(Photo credit: Michelle Saffran 2019)
“In my films, I always wanted to make people see deeply. I don’t want to show things, but to give people the desire to see.”
My work is informed by a desire to see and to explore what seeing is. Art is a place to reckon with ourselves and our relationship to the world. Jasper Johns wrote, “Sometimes I see it and then paint it. Other times, I paint it and then see it. Both are impure situations, and I prefer neither.” As someone visually impaired since birth, I’m curious about the creative and interactive nature of seeing and making visible.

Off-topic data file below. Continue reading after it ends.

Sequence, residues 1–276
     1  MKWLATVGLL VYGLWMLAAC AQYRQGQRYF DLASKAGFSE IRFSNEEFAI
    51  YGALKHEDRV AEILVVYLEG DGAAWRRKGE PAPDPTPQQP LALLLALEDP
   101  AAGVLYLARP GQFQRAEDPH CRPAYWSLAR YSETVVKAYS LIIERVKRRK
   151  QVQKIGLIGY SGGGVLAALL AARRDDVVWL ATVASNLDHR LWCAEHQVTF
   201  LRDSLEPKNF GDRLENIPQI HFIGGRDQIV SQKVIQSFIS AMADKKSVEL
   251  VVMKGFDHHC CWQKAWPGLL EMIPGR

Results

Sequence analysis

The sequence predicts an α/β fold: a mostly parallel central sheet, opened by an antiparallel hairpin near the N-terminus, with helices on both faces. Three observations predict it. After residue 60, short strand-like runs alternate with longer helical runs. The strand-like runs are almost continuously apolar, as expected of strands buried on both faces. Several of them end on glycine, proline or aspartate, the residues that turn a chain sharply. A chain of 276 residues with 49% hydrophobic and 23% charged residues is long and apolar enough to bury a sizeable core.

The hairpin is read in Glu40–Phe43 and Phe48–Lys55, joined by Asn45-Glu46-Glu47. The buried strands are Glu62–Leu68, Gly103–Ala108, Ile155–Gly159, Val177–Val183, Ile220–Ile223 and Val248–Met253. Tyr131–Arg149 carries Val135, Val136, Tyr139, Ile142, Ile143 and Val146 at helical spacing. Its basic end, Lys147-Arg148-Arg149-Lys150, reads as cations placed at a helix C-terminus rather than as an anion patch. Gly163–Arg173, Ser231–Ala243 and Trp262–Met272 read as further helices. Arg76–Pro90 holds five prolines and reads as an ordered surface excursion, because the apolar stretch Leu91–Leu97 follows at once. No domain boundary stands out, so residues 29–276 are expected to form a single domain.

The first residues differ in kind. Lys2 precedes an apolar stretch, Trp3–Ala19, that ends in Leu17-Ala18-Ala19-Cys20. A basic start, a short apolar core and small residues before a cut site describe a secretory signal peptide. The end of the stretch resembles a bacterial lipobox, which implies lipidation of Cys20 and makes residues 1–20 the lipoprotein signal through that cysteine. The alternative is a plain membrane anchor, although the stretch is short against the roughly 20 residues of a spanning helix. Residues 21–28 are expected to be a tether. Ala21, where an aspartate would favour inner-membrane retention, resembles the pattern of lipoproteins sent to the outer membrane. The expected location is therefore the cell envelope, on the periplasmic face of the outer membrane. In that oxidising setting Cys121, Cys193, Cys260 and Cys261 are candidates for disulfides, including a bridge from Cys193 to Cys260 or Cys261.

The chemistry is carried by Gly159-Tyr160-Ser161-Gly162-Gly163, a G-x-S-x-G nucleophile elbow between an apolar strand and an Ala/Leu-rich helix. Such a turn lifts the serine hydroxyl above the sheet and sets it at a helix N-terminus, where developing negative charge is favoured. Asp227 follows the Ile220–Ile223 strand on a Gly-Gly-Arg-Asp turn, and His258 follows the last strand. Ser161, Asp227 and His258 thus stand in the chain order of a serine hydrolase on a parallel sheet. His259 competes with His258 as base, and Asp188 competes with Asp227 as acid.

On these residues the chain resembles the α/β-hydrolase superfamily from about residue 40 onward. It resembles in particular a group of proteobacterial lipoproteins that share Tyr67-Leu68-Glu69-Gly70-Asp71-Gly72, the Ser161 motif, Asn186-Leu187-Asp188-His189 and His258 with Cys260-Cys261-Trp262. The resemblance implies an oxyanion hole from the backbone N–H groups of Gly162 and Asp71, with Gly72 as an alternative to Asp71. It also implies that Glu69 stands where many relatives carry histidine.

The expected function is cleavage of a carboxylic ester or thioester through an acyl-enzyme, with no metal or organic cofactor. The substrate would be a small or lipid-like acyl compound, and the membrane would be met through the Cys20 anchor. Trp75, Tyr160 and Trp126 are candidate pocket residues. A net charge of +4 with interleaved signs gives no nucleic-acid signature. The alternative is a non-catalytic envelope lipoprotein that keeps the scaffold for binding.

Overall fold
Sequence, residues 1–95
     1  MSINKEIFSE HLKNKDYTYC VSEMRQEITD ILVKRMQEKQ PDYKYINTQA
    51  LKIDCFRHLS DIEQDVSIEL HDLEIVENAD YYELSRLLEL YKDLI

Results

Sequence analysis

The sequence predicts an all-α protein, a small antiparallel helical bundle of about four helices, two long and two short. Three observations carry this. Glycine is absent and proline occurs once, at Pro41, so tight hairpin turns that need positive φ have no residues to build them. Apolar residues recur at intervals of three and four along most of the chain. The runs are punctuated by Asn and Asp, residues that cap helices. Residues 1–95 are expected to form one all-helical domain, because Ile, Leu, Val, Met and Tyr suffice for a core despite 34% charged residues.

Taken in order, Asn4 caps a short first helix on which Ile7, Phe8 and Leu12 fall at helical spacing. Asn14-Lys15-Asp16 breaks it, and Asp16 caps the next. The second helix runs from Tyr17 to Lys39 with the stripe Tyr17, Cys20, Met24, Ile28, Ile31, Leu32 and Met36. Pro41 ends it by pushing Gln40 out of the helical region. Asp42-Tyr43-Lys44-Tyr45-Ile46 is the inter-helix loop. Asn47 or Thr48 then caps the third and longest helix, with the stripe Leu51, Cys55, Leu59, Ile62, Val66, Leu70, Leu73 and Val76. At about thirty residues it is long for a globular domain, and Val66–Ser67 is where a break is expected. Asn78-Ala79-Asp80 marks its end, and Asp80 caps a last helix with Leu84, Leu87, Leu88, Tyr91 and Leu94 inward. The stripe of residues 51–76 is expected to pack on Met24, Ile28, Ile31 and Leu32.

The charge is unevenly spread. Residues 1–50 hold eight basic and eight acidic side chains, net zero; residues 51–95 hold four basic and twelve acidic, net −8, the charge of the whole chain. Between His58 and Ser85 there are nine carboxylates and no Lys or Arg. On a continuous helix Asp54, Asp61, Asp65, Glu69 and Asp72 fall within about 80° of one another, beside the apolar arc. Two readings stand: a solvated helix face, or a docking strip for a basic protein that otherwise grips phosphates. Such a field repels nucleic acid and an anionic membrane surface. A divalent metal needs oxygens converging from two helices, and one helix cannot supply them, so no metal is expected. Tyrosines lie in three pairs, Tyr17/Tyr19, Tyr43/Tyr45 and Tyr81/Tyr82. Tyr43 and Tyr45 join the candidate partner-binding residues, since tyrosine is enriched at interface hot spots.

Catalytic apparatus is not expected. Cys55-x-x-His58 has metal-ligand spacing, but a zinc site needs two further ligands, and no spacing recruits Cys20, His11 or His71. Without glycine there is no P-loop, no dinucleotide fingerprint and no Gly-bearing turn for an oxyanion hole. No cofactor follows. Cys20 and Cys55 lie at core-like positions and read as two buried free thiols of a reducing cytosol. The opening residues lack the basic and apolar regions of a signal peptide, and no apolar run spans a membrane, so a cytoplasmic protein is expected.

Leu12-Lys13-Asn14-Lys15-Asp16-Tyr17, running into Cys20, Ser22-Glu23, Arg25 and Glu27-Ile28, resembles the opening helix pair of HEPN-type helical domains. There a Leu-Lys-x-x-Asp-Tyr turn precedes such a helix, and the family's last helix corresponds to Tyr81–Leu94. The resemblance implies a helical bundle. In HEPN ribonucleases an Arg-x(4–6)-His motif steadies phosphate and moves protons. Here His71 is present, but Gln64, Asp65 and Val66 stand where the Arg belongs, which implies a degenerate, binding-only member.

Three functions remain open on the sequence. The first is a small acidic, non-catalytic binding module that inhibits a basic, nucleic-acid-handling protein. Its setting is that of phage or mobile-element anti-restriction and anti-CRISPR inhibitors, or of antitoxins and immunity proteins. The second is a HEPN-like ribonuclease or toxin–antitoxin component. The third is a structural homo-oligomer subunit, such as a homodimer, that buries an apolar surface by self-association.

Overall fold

Art, for me, is in the service of an invitation to experience something both familiar and strange, both known and mysterious. I aim to embrace the tenacity and fragility of life. My aesthetic is rooted in the Japanese concept of Wabi-Sabi, honoring temporality, spontaneity, imperfection, and the bittersweet of memory. Toward that end, I use the loose shapes and lines drawn from the natural world. I work in layers, texture, build up, and pull back. Color and the music of color is always my guide.